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Ezulwini is situated along the Mbabane-Manzini corridor in the back drop of Mbabane, Manzini and the Matsapha industrial town. Ezulwini was declared a town in November 1995 through Legal notice no.117 of 1995. The population of Ezulwini was estimated to be 8, 841 in 1998 and projected to be 10, 936 in 1999.  Ezulwini can be best described as a residential town. It has limited economic activity; as a result most of its residents work in neighboring towns. The town is host to a complex of hotels and restaurants a characteristic which makes Ezulwini a natural tourist center of the country. The town also has a reputation of being an entertainment hub of the country. Ezulwini has only one primary school. This situation forces most children to attend school in neighboring towns. Similarly, the town has one health facility, which is privately operated forcing residents of low socio-economic status to seek health services from outside of the town.  For security, Ezulwini Town Board enjoys the partnership it has with the Lobamba police station. Negotiations are underway with the Prime Minister’s office to establish a police post. 

  • Legislative

The board is governed by the Urban Government Act of 1969.  The board derives some of its powers from legislation like the financial legislation, the Rating Act, The Building Act, Standing Orders and Council Procedures.

  • Service Delivery

Service Delivery in Urban Government is one of the most debated issues in recent years.  It is a fundamental for any local authority to provide basic services to the communities.  These depending on the locality, include the following:

1.  Housing
2.  Transport & Mobility
3.  Education & Learning
4.   Health & Safety
5.   Social Inclusion & Poverty
6.   Waste Management
7.   Information & Communication
8.   Participation & Civic engagement

  • Planning: - Advance Strategic Planning

The approach facilitates social learning from interaction between stakeholders, relation-building, Social capital and institutional capital.

1.        Ownership of the strategic vision and plan since all stakeholders are engaged in the process.
2.        A shared vision direction and focus that can be used to attract investment.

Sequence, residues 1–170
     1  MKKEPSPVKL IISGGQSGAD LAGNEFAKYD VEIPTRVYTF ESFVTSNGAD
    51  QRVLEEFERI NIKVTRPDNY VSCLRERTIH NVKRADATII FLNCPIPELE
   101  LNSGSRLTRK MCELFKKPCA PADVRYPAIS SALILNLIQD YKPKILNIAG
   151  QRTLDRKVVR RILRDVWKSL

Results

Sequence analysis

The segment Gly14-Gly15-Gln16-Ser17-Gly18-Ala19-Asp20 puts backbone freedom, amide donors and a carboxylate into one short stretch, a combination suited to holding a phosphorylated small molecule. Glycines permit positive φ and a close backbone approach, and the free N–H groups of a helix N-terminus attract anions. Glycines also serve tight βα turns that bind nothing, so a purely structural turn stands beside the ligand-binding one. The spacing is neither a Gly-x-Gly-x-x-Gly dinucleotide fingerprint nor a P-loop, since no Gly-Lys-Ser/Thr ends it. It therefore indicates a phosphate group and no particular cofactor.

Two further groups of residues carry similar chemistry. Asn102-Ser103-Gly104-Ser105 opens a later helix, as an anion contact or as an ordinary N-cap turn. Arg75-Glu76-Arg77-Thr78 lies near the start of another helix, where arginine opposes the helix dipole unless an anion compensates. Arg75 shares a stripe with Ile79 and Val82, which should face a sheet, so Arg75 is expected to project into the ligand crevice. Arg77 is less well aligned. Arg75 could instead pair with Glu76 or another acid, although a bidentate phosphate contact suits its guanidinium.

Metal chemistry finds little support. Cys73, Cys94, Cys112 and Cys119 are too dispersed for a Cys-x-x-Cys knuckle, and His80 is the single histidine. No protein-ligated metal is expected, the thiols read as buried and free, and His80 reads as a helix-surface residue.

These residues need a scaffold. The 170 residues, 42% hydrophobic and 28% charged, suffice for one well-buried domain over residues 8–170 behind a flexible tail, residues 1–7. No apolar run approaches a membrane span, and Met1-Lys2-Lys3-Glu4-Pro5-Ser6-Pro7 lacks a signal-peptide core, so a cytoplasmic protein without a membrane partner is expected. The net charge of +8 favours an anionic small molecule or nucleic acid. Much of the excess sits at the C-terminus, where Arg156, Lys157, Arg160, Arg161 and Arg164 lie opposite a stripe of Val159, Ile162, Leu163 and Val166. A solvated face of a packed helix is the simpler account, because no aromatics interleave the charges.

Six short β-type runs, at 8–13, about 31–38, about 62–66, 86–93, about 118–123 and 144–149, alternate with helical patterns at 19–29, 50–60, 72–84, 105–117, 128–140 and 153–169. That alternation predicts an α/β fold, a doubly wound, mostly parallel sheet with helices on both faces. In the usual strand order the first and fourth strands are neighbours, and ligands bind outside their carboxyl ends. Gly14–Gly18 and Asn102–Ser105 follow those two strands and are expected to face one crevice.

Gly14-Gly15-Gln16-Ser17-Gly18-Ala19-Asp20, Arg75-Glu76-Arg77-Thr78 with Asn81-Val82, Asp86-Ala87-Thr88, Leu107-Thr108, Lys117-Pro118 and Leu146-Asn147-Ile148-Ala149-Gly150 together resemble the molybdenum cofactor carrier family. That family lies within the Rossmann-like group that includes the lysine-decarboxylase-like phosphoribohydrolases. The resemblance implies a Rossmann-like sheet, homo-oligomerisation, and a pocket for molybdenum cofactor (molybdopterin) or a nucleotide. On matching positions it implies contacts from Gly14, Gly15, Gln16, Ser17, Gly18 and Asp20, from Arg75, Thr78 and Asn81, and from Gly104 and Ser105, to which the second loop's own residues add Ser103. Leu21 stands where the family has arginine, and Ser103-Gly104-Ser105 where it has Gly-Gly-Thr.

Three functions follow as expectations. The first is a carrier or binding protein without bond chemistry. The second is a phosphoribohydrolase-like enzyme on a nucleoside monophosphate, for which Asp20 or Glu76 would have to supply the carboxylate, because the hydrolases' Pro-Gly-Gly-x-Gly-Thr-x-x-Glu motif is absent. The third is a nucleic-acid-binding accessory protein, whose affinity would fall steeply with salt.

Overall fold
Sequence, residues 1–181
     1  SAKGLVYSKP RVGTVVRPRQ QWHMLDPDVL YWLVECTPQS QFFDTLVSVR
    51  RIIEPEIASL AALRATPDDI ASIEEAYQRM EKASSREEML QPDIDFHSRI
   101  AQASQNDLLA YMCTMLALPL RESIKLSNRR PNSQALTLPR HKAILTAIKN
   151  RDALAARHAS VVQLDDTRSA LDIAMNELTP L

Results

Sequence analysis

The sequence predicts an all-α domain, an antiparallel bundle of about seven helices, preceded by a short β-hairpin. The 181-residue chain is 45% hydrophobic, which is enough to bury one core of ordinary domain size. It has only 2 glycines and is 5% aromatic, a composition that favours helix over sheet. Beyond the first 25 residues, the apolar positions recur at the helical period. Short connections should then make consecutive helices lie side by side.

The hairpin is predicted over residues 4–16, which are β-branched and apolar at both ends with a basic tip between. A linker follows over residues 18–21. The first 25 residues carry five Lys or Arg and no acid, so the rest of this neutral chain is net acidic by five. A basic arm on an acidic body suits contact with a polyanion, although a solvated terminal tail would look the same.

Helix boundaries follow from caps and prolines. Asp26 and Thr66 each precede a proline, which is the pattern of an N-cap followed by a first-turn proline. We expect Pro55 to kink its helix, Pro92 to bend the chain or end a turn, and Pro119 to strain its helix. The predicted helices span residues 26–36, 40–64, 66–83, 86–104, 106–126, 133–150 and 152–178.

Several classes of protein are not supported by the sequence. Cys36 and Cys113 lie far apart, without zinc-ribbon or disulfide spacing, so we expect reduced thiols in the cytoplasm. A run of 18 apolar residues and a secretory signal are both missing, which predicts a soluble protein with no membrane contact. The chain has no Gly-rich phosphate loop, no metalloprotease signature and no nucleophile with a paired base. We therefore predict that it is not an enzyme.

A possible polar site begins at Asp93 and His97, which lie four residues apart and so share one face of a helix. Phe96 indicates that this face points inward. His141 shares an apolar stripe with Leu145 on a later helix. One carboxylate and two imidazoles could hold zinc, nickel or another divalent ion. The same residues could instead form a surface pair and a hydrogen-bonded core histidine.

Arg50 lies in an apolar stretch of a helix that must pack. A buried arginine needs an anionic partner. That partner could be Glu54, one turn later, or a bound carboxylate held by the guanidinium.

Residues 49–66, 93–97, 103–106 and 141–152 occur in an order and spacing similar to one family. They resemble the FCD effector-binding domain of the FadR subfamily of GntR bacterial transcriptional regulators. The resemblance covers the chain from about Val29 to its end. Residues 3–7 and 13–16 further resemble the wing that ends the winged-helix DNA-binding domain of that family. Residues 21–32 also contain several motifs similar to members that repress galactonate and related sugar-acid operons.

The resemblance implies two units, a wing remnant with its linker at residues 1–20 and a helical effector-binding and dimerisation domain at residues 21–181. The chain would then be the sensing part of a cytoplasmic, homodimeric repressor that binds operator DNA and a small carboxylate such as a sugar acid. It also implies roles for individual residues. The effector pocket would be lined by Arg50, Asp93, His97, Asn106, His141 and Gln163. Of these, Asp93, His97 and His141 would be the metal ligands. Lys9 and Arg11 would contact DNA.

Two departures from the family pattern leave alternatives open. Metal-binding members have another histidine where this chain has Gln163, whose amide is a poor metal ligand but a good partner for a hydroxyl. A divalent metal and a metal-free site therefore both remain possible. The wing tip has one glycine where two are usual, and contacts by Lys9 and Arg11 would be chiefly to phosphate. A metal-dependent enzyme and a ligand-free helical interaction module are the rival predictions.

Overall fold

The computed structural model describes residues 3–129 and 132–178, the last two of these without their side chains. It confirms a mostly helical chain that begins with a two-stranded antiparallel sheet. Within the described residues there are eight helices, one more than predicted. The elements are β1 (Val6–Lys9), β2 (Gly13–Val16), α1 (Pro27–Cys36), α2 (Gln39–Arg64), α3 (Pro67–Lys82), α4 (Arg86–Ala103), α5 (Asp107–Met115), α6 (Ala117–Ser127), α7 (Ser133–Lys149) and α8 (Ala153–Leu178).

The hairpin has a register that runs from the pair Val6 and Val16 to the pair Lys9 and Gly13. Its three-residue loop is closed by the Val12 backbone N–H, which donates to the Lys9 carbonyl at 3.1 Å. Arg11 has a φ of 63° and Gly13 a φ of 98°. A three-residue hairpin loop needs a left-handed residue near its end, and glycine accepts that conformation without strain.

3.        Redirection of resources to priority areas that deliver the strategy.
4         Enhance public and private partnership between all actors in the development process.

Financial Management in Administration of Local Authorities

 Key elements of good financial management.

1.       Ambition

2.       Focus

3.       Prioritisation

4.       Capacity

5.       Performance Management

6.       Investment

7        Auditing

8        Achievement

  • Governance Arrangements

Good governance arrangements are critical to the ability of an authority to secure sustained improvements in performance.  These arrangements are set out in the local authority’s constitution.  This details the structures and process by which that local authority will do business and will engage with key players, both within the council and beyond.  The constitution governs internal relationships; those with the executive, where the authority has one, with the council as a whole, and those committees charged with scrutiny decisions the council makes.  How key players make use of these structures in practice will be key to a council’s response to poor performance.  Improved performance management put in place as a result of the successful implementation of a recovery plan-with or without the use of intervention powers-needs to be matched by strong and effective governance.  In those authorities that are performing poorly, governance arrangements are almost always weak.  Recovery planning and associated support arrangements should include a significant element of support for elected members and the way in which they interact with the senior management.